However, you know me. Even if I was full to bursting, I couldn’t pass up dessert! After looking over the menu, we settled on a couple of desserts. My husband went with the coconut chiboust cake, with mango and passion fruit sorbet. We had no idea what chiboust was, but all my husband saw was coconut cake and that was enough for him. What came to the table wasn’t really a coconut cake in the sense of the word cake, it was more like a coconut panna cotta. It turns out that chiboust cream is a type of pastry cream that is lightened with stiffly beaten egg whites and is commonly used a millefeuille cream. That explains the lightness and airiness in the texture of this “cake.” However, one bite into it and you could taste the sweet and light coconut. The dessert was fantastic. The texture of the coconut cake was rich and smooth, and it was perfectly balanced with the mango sauce spread out over the plate with the tang of mango. Then the cool and creamy passion fruit sorbet which actually sat on top of small diced pieces of passion fruit. This was such a light and airy dessert with lots of wow factor, and bold flavors and tastes.
My brother-in-law and I decided to go with the spiced doughnuts with Vietnamese coffee ice cream and condensed milk. This has to be one of the more popular desserts in the restaurant as I saw it brought out to numerous tables. Four beautiful and delicious doughnuts, more like balls of deep-fried dough, are rolled in a spice mixture similar to cinnamon sugar, and then piled onto a plate with some sort of condensed milk/coffee sauce and then a canal of Vietnamese coffee ice cream was placed on the other end of the plate. The Vietnamese coffee ice cream was outstanding! Such terrific and strong coffee flavor in the homemade ice cream. And the ice cream and the spiced doughnuts paired perfectly together. It was like having breakfast for dinner!
Overall, this might have been one of the most fun, and unique dining experiences I’ve ever had. Fun in the sense that we had really good company, I loved being able to spend time with my sister-in-law and brother-in-law, and the atmosphere of the restaurant was just open and vibrant and fun. Also, fun in the sense that all of the dishes were playful and interactive and hands-on, which made it that much more enjoyable. And unique in the quality, creativity and level of food that was served. Each dish was immaculately conceived, created and presented. All of the dishes were full of bold, wonderful flavor and everything was fantastic. It’s probably a good thing I don’t live in Denver, because I might find myself eating at ChoLon all of the time. Literally! This is a place not to be missed if you’re ever in Denver!
Last year, my husband and I were banding about a couple of potential locations for a Christmas trip. My husband’s first thought was to go to Denver since neither he nor I had ever been before. But, seeing as it was Christmas, and winter in Denver, all I could see was the potential of getting caught in a blizzard and then not being able to make it home to get to work. After all, we don’t have unlimited vacation time. So, we settled on Phoenix instead. But, Denver was always in the back of our minds. After having discussed our desire to spend a long weekend in Denver, my sister-in-law and her husband said they would be interested in meeting us in Denver since it’s pretty much halfway between where we live and where they live, so we said we’d go for it. And we settled on Memorial Day weekend. A nice long weekend getaway to a beautiful city.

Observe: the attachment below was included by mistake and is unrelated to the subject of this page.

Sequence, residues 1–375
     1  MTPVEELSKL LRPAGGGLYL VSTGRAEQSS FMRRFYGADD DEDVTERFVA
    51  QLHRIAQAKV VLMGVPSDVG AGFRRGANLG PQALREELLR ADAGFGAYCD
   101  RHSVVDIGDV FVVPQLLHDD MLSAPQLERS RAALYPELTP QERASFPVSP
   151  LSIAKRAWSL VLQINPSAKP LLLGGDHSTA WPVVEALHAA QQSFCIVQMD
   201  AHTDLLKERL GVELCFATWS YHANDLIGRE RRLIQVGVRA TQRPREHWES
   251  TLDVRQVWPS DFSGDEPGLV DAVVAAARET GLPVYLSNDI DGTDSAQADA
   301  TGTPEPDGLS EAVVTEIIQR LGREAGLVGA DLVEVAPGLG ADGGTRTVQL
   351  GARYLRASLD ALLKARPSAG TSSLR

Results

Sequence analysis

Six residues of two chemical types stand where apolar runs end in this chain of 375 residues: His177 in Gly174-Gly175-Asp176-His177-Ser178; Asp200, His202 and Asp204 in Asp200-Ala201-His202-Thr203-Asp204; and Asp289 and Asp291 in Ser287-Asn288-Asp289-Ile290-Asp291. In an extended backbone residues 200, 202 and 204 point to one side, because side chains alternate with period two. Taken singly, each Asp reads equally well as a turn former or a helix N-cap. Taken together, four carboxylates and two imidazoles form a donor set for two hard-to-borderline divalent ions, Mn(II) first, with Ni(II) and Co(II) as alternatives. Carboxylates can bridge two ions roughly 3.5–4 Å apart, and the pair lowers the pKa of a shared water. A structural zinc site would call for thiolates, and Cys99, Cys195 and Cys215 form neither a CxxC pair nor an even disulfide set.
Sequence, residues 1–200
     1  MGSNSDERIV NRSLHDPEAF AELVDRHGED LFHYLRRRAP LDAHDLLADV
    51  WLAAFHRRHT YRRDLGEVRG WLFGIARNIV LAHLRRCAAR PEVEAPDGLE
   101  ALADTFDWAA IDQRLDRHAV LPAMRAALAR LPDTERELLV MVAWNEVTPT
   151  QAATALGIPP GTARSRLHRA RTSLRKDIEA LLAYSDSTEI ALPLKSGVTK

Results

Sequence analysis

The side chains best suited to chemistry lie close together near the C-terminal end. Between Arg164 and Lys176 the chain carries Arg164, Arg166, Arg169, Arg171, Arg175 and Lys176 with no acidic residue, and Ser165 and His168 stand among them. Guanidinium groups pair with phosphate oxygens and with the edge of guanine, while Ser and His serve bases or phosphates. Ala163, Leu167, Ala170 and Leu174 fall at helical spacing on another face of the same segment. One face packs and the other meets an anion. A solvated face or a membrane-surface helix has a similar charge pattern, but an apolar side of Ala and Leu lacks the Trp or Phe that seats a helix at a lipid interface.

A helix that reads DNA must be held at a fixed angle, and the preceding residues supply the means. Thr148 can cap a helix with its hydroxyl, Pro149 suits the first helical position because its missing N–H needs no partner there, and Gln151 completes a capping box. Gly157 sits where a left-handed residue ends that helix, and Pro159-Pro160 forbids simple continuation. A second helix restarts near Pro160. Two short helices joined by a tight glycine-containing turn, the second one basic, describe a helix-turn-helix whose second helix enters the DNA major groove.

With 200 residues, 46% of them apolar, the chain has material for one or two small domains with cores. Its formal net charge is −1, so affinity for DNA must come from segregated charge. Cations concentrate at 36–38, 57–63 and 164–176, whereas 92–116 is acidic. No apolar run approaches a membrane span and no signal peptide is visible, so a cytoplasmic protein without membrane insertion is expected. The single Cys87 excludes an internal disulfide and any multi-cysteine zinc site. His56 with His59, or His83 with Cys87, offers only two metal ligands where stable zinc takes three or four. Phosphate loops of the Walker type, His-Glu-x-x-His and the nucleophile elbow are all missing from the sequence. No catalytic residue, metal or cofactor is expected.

On the Friday of Memorial Day weekend, my husband and I left Los Angeles on our way to Denver. My sister-in-law and her husband left Minneapolis on their way to Denver. By the time we all arrived, and made the trip from the middle of nowhere, also known as Denver International Airport, to our hotel in the heart of Downtown Denver, it was late Friday night. Here we were after having a long day of work, and then the mad rush to the airport on a holiday weekend, and then the travel on top of it, we were all kind of tired and just looking for something to eat. We decided that the easiest thing to do would be to eat at the restaurant that was right next to the hotel, in fact, so close that one of the entrances to the restaurant was from the hotel lobby. The Yard House Restaurant is chain brewpub/restaurant that is prevalent in Southern California, but that we apparently had to travel to Denver to try for the first time. But it seemed like a great atmosphere, with a big menu, a good crowd, and a terrific location. The ad in front of the restaurant advertised that there were more than 100+ beers on tap, I think that was enough for the majority of our group to be happy with. What I discovered later was that the idea for the Yard House actually came from a man who moved from Denver to Southern California and had the idea to open a restaurant with some partners that specialized in having one of the largest selections of draft beers and diverse American fare food. This is exactly what we found inside the restaurant. A terrific, 3-full page list of craft beers on draught and a large menu selection of all types of American food. This seemed like it would be a good ending to the beginning of a great mini-vacation.